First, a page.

Apple's announcement yesterday of a new high-end iPhone running its new iOS7 operating system got lots of attention for improvements in things that consumers care about: fashion, entertainment, photography, device protection, and health, for example. My colleague Charles Golvin went deeper to analyze what these improvements mean to Apple's prospects as a premium phone maker.
Perhaps lost in the coverage was what the combination of new hardware and new software means for how businesses can use iPhones at work. The battle now is for business application developers and vendors, and Apple is on it. The formula for business success has become great products + great features for developers to harness + a great way to distribute and sell custom and commercial business apps. Apple's announcement yesterday focuses on the first two elements of that formula:
A focus on management APIs in iOS7 gives business software vendors new hooks to provide business-ready solutions. My colleague Christian Kane has written a Forrester report on the five major improvements in the control APIs. While an iPhone will never natively provide all the lockdown that a security-conscious CIO might want, Apple has consistently listened to the needs of mobile device and mobile application management. With these new APIs, the ecosystem of security and management vendors can ramp up their products to support CIOs rolling out BYO iPhone programs. Already, MobileIron has talked about what it will do to take advantage of this.
A mobile moment occurs whenever someone reaches for their smartphone or tablet. And happens anytime they have an itch to scratch. And it's happening more frequently than ever as your customers and your employees are undergoing a mobile mind shift -- "the expectation that I can immediately get what I want in my personal context on my mobile device."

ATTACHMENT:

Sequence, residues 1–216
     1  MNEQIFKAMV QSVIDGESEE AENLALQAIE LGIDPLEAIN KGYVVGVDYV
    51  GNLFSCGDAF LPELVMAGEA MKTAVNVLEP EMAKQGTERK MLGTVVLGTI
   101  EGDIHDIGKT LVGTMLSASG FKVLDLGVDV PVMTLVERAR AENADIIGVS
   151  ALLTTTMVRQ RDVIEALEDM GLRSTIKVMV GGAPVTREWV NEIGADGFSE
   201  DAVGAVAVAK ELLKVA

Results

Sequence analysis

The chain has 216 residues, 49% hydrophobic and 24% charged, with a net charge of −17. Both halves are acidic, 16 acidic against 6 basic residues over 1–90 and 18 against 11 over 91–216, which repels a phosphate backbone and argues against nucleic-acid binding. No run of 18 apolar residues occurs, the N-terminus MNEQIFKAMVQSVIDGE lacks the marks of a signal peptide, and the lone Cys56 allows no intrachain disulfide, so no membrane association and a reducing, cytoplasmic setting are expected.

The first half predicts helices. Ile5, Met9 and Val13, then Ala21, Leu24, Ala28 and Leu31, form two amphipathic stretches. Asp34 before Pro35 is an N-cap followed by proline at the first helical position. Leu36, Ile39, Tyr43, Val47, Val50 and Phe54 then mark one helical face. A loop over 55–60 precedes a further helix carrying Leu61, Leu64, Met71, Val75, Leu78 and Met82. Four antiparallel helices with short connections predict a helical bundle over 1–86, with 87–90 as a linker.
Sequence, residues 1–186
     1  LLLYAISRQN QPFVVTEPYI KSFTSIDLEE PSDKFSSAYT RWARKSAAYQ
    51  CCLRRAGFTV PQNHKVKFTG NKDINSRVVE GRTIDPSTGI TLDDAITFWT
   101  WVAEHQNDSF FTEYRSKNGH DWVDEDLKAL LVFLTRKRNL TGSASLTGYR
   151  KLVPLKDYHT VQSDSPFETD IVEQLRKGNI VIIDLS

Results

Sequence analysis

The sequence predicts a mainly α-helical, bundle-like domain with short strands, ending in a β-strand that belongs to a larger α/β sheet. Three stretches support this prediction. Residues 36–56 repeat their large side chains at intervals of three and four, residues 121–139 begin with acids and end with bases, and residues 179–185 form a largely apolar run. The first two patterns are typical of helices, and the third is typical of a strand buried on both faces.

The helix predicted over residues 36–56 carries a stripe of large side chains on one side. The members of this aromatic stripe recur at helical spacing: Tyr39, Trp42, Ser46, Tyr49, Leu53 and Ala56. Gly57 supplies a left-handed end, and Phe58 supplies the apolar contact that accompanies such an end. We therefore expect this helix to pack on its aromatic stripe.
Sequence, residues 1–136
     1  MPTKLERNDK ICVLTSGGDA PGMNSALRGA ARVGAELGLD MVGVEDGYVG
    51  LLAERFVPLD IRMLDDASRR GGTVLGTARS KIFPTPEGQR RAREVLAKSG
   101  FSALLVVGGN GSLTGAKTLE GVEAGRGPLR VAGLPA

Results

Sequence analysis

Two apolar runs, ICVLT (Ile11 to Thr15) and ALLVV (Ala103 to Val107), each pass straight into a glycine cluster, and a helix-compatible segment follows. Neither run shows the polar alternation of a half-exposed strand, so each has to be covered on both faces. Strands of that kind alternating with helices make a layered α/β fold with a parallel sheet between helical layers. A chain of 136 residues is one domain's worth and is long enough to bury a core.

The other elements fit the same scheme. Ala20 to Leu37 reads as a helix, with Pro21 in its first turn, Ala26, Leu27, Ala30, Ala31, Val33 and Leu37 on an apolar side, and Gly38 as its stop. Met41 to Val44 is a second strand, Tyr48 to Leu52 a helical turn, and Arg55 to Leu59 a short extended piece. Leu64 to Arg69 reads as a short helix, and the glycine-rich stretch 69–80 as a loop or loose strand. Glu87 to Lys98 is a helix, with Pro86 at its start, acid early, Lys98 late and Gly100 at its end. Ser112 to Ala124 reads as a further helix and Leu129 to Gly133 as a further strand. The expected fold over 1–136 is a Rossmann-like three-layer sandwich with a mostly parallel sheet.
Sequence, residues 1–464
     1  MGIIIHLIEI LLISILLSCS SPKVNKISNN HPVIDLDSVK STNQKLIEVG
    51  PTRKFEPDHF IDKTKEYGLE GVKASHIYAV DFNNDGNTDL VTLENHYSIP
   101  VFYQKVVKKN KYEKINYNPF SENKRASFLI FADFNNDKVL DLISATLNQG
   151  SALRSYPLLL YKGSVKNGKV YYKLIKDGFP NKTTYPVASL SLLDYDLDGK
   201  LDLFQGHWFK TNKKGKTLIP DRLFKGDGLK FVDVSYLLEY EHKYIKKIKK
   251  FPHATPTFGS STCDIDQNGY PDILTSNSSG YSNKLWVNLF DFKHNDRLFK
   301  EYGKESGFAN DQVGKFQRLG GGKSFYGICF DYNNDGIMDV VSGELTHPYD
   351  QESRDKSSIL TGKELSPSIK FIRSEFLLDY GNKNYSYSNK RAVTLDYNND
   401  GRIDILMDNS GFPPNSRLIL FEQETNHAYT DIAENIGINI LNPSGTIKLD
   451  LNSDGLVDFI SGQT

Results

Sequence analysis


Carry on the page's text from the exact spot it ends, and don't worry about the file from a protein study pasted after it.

If it's your customer that's having a mobile moment, then you want to be there, don't you?
At Forrester, we've been spending a lot of time analyzing how mobile devices change the way companies engage their customers and employees. Across every role we serve, we're probing on what makes mobile different from PCs, different from Web, and different from traditional channels. My colleague Julie Ask and I spent some time recently with Tom Pohlmann, Forrester's Chief Marketing & Strategy Officer, to talk the mobile mind shift and what to do about it. You can hear that conversation in its entirety (episode 1) or in topic-sized chunks (episodes 2, 3, and 4) below.
Description: When it comes to mobile, most companies are simply doing “old things in new ways.” Mobile’s great promise is provide new value where organizations will internalize mobile to do “new things in new ways.”
Microsoft acquired Nokia's devices business for $7.2 billion (which is only 27% of Microsoft's 2013 earnings and just 9% of its cash and short-term investments). Microsoft bought the devices and some of the services along with the services of former Microsoft Office leader Stephen Elop, who will run Microsoft's Devices business. By all accounts, Stephen was a much-admired Microsoft executive when he left to run Nokia in 2010.
I'll leave telecom industry analysis of the deal in the worthy hands of my colleagues Thomas Husson and Charles Golvin. I'll leave journalistic speculation to the media. I'll leave personality analysis to the pop psychologists. But as a software+devices+services industry analyst, I'll share my analysis of how this acquisition changes Microsoft's position in the mobile mind shift.
First, this acquisition is a clear stepping stone in Microsoft's transition from a software company to a software-led multiproduct company. Apple pioneered the model of vertical integration in devices: device+software+services. Google quickly mastered it. Microsoft has now proven that it is willing and able to make the tough decisions to make a vertically integrated product a cornerstone of its business model.